Summary: Researchers found both behavioral and neural mechanism evidence that empathy is promoted with long-term ballroom dancing training.
Source: Chinese Academy of Science
Ballroom dance is a form of art and sport that helps improve sensorimotor skills, cognitive levels and emotional communication.
To achieve high-level performance, dancers need to collaborate, imitate, and actively interact with their dance partners through long-term training. In this way, they are continually involved in understanding and sharing their partner’s thoughts and feelings—this is what we call empathy.
A research team led by Dr. Hu Li and Dr. Kong Yazhuo from the Institute of Psychology of the Chinese Academy of Sciences has found behavioral and brain mechanism evidence that empathy is promoted with long-term ballroom dance training.
In their exploratory study, 43 professional ballroom dancers and 40 age- and sex-matched controls were recruited from Beijing Sport University. During the experiment, participants’ demographic information, art and sport training information, and romantic relationship information were collected. Their trait empathy, personality and interpersonal relationship were assessed using self-reported empathy scale, self-reported personality scale, and self-reported interpersonal scale.
High-resolution structural magnetic resonance (MRI) images, and resting-state functional MRI images were also collected to reveal the neural correlates of empathy.
Furthermore, the empathic concern was positively correlated with years with dance partners (i.e., the number of years that the dancer has officially danced with a fixed dance partner). Image is in the public domain
According to the researchers, among the three subscales of empathy (perspective taking, empathic concern and personal distress), dancers showed significant higher scores than controls in empathic concern.
Furthermore, the empathic concern was positively correlated with years with dance partners (i.e., the number of years that the dancer has officially danced with a fixed dance partner).
Empathic concern is an other-oriented affective empathy and involves the desire to promote others’ well-being or alleviate their suffering, which is widely regarded as the trait that motivates costly altruism and prosocial behavior.
So how did dance training enhance empathic concern in the brain? Analysis of brain structures revealed that gray matter volume of the subgenual anterior cingulate cortex (ACC) was significantly associated with empathic concern and years with dance partners.
Most importantly, the functional coupling between the ACC and the occipital gyrus plays a key role to mediate the relationship between years with dance partners and empathic concern, i.e., the longer dance partners train together, the more engagement between empathy-related brain regions, and eventually more concern for other people develops.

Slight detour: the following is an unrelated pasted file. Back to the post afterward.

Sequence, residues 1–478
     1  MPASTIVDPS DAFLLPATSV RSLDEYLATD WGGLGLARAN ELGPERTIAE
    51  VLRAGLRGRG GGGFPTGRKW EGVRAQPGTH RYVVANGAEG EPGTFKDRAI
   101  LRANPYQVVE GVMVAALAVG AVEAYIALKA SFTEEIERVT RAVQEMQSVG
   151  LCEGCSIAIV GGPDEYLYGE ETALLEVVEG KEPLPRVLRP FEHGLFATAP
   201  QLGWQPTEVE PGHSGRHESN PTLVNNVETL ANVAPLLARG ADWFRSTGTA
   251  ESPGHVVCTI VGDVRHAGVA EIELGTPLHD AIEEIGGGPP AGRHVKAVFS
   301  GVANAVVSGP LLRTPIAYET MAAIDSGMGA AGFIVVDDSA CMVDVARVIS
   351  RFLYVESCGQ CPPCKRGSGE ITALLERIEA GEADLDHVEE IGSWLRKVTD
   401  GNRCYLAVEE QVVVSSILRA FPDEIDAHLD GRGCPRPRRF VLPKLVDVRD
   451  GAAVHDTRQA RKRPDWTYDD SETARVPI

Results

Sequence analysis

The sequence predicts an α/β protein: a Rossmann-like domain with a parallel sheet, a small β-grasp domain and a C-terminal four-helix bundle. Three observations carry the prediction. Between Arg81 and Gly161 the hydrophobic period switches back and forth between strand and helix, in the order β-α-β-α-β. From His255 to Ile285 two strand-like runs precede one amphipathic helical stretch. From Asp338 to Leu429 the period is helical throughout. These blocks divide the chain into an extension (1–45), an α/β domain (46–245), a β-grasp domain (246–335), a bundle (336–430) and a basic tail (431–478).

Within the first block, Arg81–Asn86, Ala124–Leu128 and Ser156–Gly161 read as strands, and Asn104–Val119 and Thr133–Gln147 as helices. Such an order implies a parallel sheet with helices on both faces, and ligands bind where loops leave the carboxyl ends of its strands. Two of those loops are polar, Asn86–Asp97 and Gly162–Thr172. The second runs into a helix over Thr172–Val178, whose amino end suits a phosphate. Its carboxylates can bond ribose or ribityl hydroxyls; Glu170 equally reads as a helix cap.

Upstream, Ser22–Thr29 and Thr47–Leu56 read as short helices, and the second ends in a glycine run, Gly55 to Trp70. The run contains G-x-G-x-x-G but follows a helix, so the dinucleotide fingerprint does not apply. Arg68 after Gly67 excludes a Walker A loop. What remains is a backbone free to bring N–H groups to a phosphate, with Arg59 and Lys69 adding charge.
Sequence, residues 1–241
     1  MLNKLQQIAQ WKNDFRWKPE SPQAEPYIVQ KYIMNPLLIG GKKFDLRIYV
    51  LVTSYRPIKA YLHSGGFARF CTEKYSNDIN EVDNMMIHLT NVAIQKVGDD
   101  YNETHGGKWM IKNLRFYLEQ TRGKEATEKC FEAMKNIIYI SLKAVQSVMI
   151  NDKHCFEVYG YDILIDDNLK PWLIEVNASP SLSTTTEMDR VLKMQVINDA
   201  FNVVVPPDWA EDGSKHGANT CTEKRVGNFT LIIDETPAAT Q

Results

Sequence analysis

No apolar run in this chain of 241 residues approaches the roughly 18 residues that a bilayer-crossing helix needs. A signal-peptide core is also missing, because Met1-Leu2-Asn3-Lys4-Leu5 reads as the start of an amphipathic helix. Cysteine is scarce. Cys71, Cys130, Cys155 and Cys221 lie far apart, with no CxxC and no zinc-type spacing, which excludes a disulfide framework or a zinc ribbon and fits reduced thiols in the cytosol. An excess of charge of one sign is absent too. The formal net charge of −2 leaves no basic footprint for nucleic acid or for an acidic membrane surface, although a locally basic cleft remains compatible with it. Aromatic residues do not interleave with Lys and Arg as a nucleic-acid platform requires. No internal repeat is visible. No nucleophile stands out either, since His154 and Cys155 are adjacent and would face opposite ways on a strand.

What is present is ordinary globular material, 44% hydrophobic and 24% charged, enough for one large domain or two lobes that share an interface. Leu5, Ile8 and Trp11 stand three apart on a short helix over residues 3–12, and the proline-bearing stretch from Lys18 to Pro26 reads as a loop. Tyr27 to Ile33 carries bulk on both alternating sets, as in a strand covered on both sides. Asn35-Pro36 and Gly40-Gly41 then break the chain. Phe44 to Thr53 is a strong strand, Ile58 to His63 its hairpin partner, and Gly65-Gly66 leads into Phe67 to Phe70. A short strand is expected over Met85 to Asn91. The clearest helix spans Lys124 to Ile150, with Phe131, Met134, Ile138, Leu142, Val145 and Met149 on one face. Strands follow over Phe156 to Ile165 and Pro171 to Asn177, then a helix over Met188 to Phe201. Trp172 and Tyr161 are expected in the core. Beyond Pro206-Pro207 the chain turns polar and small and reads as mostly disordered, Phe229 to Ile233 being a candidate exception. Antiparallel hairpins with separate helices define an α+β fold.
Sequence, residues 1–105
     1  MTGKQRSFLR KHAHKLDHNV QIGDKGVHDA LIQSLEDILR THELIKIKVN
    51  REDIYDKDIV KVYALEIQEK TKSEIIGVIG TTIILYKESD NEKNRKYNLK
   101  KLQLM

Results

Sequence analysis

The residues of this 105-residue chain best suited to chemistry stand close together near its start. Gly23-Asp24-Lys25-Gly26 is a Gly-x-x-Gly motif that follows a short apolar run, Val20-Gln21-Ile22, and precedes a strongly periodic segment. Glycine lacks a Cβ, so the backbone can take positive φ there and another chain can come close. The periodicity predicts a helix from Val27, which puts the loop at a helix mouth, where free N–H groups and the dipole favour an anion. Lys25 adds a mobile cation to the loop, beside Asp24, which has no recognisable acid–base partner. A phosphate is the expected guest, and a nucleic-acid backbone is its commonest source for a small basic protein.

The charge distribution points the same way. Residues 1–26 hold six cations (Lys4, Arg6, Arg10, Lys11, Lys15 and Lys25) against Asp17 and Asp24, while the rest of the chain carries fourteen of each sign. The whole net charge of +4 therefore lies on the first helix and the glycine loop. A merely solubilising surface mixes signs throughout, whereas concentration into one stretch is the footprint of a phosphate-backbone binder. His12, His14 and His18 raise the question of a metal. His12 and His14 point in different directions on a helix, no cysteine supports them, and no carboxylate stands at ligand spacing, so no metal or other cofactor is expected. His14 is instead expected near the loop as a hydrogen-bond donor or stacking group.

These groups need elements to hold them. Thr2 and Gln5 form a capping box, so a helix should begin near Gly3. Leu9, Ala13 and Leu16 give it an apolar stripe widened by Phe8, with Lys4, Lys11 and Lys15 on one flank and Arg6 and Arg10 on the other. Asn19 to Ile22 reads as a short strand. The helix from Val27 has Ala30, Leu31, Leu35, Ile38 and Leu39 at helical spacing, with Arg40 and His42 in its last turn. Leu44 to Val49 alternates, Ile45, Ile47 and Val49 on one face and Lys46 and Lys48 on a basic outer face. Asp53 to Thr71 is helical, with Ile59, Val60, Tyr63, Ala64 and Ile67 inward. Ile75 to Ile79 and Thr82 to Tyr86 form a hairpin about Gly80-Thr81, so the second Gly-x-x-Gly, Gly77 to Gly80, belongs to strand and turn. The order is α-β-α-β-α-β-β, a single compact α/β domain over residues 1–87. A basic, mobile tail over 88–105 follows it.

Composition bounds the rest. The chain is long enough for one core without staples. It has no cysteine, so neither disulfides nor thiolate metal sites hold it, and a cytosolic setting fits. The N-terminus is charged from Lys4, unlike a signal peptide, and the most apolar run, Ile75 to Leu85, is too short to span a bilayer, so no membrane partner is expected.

This study reveals the close relationship between long-term ballroom dance and empathy, and its underlying brain mechanisms based on the structure and function of the ACC, which provides novel insights into the improvement of empathy.
The association between ballroom dance training and empathic concern: Behavioral and brain evidence
Dance is unique in that it is a sport and an art simultaneously. Beyond improving sensorimotor functions, dance training could benefit high-level emotional and cognitive functions. Duo dances also confer the possibility for dancers to develop the abilities to recognize, understand, and share the thoughts and feelings of their dance partners during the long-term dance training.
To test this possibility, we collected high-resolution structural and resting-state functional magnetic resonance imaging (MRI) data from 43 expert-level ballroom dancers (a model of long-term exposure to duo dance training) and 40 age-matched and sex-matched nondancers, and measured their empathic ability using a self-report trait empathy scale. We found that ballroom dancers showed higher scores of empathic concern (EC) than controls.
The EC scores were positively correlated with years with dance partners but negatively correlated with the number of dance partners for ballroom dancers. These behavioral results were supported by the structural and functional MRI data. Structurally, we observed that the gray matter volumes in the subgenual anterior cingulate cortex (ACC) and EC scores were positively correlated.
Functionally, the connectivity between ACC and occipital gyrus was positively correlated with both EC scores and years with dance partners. In addition, the relationship between years with dance partners and EC scores was indirect-only mediated by the ACC-occipital gyrus functional connectivity.
Therefore, our findings provided solid evidence for the close link between long-term ballroom dance training and empathy, which deepens our understanding of the neural mechanisms underlying this phenomenon.